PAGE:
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The Pachinko Machine Of Your Probable Death

Nathan Yau’s life expectancy simulator makes one thing clear: don’t book plans after 80.

Thanks to humanity’s endless fascination with mortality, there’s no shortage of tools out there that will predict how much longer you’ve got to live. But according to FlowingData’s Nathan Yau, all these death calculators have the same fundamental problem: they’re all based on the average of everyone doing the dying. There’s a lot of luck involved in whether you live another 50 years, or just five. How do you calculate that, let alone visualize it?

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Called Years You Have Left To Live, Probably, Yau’s latest visualization is as hypnotic as it is alternatingly depressing and uplifting. It animates your probability of dying from now until the age 110 (the age of the oldest person to ever die in America) almost like a Pachinko machine, rolling the probability of you living to next year like a pinball across the X-axis, and calculating your odds based on where the ball drops.

After receiving the requisite age and sex info, the interactive graphic then pulls data from the Social Security Administration to calculate the probability of you dying next year, the year after next, and so on. It then rolls the dice for each year of the remainder of your life. When you eventually come up snake eyes, the visualization tallies that result in one of six pools, representing how many years you have left to life: 0 to 9, 10 to 19, 20 to 29, all the way to 50 or more.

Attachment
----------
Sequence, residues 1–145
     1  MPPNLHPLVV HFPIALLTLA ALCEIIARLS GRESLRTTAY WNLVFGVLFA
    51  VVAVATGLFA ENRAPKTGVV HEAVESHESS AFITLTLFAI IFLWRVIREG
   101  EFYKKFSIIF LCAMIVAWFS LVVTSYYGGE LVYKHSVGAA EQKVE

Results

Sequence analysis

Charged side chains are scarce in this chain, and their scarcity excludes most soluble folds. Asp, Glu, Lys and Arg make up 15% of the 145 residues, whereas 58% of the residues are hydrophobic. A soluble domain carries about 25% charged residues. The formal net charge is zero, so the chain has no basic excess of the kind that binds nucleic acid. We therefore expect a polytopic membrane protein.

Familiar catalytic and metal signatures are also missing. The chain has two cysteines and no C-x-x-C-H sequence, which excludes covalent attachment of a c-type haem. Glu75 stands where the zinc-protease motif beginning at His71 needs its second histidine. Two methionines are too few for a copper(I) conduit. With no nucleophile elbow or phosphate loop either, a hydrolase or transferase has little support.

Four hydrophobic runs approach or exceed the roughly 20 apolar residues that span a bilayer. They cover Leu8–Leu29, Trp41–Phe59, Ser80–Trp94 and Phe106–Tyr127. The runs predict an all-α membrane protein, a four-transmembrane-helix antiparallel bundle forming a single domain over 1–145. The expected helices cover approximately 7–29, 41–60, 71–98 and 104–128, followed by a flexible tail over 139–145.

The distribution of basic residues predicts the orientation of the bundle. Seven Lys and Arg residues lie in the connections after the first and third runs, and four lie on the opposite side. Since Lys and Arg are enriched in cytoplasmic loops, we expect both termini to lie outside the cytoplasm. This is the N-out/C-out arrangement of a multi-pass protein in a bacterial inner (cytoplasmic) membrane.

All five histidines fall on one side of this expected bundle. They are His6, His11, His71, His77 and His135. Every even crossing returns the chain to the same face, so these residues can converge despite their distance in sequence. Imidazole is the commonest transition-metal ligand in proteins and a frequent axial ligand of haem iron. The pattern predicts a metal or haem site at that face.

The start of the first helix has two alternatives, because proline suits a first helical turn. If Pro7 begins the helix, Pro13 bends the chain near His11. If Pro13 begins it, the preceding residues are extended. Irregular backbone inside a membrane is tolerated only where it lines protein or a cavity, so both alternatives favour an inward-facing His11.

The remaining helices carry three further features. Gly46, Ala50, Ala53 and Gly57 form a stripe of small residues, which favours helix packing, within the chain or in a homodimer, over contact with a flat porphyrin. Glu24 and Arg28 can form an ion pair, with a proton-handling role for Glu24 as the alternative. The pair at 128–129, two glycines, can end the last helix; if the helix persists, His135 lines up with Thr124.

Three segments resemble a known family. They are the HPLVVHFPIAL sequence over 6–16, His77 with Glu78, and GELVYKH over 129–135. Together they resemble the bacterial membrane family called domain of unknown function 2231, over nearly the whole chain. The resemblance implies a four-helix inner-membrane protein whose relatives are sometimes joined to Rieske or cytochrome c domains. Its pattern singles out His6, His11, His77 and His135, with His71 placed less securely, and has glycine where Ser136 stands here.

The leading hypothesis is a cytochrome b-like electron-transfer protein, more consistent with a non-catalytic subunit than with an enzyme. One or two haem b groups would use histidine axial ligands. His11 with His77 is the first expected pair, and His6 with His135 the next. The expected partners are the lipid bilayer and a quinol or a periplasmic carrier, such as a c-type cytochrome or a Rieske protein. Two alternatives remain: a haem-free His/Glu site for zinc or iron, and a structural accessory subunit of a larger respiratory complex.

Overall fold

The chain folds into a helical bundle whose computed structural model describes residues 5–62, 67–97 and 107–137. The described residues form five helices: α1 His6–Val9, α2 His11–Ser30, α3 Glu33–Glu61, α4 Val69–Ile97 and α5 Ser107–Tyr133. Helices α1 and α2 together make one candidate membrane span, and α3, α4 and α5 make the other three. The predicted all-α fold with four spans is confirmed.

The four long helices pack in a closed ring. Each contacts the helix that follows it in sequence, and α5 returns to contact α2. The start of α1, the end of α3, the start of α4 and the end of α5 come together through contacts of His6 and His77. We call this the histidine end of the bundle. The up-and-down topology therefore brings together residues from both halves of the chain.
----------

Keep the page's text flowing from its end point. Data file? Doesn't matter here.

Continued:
Let the graphic run long enough, and you eventually get a good picture on the Vegas odds of how many years you have left to live. After running it for a few minutes, Yau’s tool says that as a 36-year-old male, I’ve got a 35% chance of living another four decades, compared to an only 1% chance of dying in the next 10 years. That’s pretty good, but I’ve got to tell you, every time I fail my saving roll on Yau’s visualization, it feels like death’s already tapping me on the shoulder.

Check out the chart over at FlowingData.

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